Annemiek van Vleuten (Mitchelton-Scott) held off the peloton on Wednesday to win stage 1 of the Boels Ladies Tour solo, but this ended up being harder than first thought. A missing race marshal in a crucial descent and a split-second distrust in her own memory of the correct course combined to lead van Vleuten off the race course. This detour cost her about 30 seconds and put the stage in contention again, but the world time trial champion persevered to take a second consecutive stage win.
Van Vleuten was one of the riders who attacked on the final climb of the Oude Holleweg, 20km from the finish. At the top of the climb, a trio also including Anna van der Breggen (Boels Dolmans) and Elisa Longo Borghini (Wiggle High5) opened up a gap, and van Vleuten then went solo when van der Breggen would not cooperate.
"I think we had a good group with Anna van der Breggen, Elisa Longo Borghini and myself. But Anna did not want to ride with us, I do not know why. So I started to attack, then Amanda Spratt came up from behind and surprised Anna. Now she had to chase, and then I took over with a good attack. Then Anna was exposed, with only Amanda in her wheel, so this victory is also a big team effort."
On her way to the finish in Nijmegen, one last difficulty lay ahead for van Vleuten. Unlike on the seven laps of the 15.5-kilometre circuit, the Oude Holleweg climb was left out this time, but she still had to ascend the Van Randwijckweg and then descend the Nieuwe Holleweg before turning right and heading towards Nijmegen instead of going left and up the Oude Holleweg. And this descent was where things went wrong.
"There was no motorbike in front to guide me, nor was there a marshal pointing where to go. I had done reconnaissance of the course, so I knew the route, but I thought I saw a big sign with a Boels logo and an arrow straight ahead. Apparently, the company is doing roadworks on that stretch of road."
Boels is the main sponsor of the Boels Ladies Tour (and the Boels Dolmans Cycling Team), but the company is also well-known around Northern Europe for renting out machines and equipment for construction works, events, and other occasions.
"I saw the sign and found it strange because I knew I should go left, but I thought that maybe they had changed the route at the last minute, that is why I went straight on. When the roadworks and the gravel started, I realised that I was wrong. I turned around and thought it was lost. I would definitely have liked to have a bigger advantage, but I am very glad I could still finish it off."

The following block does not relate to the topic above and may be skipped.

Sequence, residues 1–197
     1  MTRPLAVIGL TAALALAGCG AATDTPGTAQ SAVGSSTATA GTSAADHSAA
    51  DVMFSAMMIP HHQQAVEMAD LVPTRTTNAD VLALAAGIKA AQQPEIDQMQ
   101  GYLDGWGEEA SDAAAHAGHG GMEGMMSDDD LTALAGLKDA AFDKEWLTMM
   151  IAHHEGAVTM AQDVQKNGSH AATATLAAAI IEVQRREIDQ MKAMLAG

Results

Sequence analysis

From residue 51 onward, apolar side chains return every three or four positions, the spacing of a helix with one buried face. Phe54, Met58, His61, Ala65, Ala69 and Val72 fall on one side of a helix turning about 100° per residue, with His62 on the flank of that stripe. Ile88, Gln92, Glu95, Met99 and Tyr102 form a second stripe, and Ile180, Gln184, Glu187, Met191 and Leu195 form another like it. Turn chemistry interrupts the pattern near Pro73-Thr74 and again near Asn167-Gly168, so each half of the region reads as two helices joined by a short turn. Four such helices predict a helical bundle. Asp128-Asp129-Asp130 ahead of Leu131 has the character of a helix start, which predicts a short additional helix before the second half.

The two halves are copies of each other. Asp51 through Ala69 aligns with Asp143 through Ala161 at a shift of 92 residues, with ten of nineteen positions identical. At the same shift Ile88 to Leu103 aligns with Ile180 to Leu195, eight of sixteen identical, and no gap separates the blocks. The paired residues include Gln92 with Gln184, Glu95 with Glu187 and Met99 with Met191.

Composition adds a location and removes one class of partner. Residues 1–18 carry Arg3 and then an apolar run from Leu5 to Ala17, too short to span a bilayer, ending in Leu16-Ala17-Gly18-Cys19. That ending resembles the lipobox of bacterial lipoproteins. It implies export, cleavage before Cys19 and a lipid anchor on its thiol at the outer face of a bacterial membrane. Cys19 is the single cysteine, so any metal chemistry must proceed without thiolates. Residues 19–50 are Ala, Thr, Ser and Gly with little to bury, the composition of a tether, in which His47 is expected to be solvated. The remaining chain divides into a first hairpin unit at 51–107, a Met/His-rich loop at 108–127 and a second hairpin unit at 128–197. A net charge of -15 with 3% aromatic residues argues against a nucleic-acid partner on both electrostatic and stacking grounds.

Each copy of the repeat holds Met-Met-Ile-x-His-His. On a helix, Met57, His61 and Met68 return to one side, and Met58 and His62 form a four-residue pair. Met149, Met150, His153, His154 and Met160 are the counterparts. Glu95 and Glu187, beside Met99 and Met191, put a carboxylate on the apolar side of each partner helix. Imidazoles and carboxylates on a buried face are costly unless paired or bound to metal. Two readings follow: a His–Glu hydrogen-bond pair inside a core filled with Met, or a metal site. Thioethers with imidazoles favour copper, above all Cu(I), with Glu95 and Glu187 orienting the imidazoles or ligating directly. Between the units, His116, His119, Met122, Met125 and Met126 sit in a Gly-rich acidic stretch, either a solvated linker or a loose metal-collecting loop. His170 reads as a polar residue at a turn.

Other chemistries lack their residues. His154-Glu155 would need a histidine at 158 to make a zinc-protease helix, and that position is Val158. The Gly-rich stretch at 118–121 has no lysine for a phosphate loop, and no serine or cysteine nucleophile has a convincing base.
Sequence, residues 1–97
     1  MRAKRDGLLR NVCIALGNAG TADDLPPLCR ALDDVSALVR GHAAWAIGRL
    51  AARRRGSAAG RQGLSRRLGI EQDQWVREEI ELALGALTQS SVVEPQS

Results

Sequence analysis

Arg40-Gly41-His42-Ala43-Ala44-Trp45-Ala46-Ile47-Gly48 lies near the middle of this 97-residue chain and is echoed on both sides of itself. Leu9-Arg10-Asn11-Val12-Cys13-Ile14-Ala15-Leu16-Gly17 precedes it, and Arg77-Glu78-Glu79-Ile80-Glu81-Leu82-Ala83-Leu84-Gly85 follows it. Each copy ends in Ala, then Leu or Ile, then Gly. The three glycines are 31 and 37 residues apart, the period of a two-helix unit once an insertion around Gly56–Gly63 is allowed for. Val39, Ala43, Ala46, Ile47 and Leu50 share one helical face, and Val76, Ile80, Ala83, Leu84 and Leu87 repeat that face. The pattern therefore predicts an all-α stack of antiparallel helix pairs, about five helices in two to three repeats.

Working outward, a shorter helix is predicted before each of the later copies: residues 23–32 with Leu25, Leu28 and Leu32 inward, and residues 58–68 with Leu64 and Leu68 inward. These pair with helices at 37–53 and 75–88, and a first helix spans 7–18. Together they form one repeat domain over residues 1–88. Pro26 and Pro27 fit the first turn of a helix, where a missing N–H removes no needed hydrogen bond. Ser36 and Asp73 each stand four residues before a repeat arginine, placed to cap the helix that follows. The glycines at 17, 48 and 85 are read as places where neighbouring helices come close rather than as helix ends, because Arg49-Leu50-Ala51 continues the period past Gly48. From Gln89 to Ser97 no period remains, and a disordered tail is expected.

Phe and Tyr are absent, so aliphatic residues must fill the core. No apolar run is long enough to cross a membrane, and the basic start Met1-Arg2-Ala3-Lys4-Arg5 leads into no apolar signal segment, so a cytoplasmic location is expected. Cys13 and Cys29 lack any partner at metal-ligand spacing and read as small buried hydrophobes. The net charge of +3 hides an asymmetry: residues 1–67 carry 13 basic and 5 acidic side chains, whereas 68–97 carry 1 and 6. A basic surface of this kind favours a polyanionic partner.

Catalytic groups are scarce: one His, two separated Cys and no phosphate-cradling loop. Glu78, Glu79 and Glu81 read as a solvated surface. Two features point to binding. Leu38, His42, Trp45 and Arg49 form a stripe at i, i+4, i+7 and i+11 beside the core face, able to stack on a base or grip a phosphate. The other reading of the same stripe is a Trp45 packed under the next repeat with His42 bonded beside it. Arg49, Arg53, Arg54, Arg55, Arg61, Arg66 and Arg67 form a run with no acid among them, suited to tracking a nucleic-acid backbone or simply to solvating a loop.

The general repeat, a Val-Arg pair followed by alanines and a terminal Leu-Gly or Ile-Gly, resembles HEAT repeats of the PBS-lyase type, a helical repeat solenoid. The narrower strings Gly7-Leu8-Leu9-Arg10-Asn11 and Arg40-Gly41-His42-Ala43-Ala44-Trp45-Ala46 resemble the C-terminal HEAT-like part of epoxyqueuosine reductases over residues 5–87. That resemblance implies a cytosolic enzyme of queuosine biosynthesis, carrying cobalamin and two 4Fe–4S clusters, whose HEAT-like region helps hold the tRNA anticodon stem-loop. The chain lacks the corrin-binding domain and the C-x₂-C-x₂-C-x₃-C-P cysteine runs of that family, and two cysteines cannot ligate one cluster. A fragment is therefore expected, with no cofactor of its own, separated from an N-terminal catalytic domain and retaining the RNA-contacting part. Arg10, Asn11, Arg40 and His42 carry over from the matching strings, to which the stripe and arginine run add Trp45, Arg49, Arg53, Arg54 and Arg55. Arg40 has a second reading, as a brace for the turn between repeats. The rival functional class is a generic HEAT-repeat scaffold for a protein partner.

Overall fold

A study of race footage could neither confirm nor deny van Vleuten's explanation of a Boels-labelled roadworks sign pointing the wrong way, but did reveal that a sign marking 1000 metres to the mountain sprint atop the Oude Holleweg was not turned around after the last mountain sprint on lap seven, leaving it visible for van Vleuten on the eighth passage.
It also showed that while a race marshal had been posted at the bifurcation to guide riders in the right direction, this race marshal had left their post prematurely, probably thinking their job was done after the seventh passage of the race. This was true for most parts of the circuit – except the Van Randwijckweg and the Nieuwe Holleweg where the race came past eight times.
A spokesperson for the Boels Ladies Tour race organisation confirmed this human error to Cyclingnews and went on to say: "There was a sign on a lamp post that pointed left. But either van Vleuten could not see it well, or she was riding so fast that she did not see the sign. Luckily van Vleuten still won in the end, if this had lost her the race it would have been a disaster. Regardless, this was, of course, an unfortunate event. Mistakes can always happen, but in the final of the race, it is very unfortunate."
The Boels Ladies Tour continues with a flat stage around Gennep on Thursday, 30 August.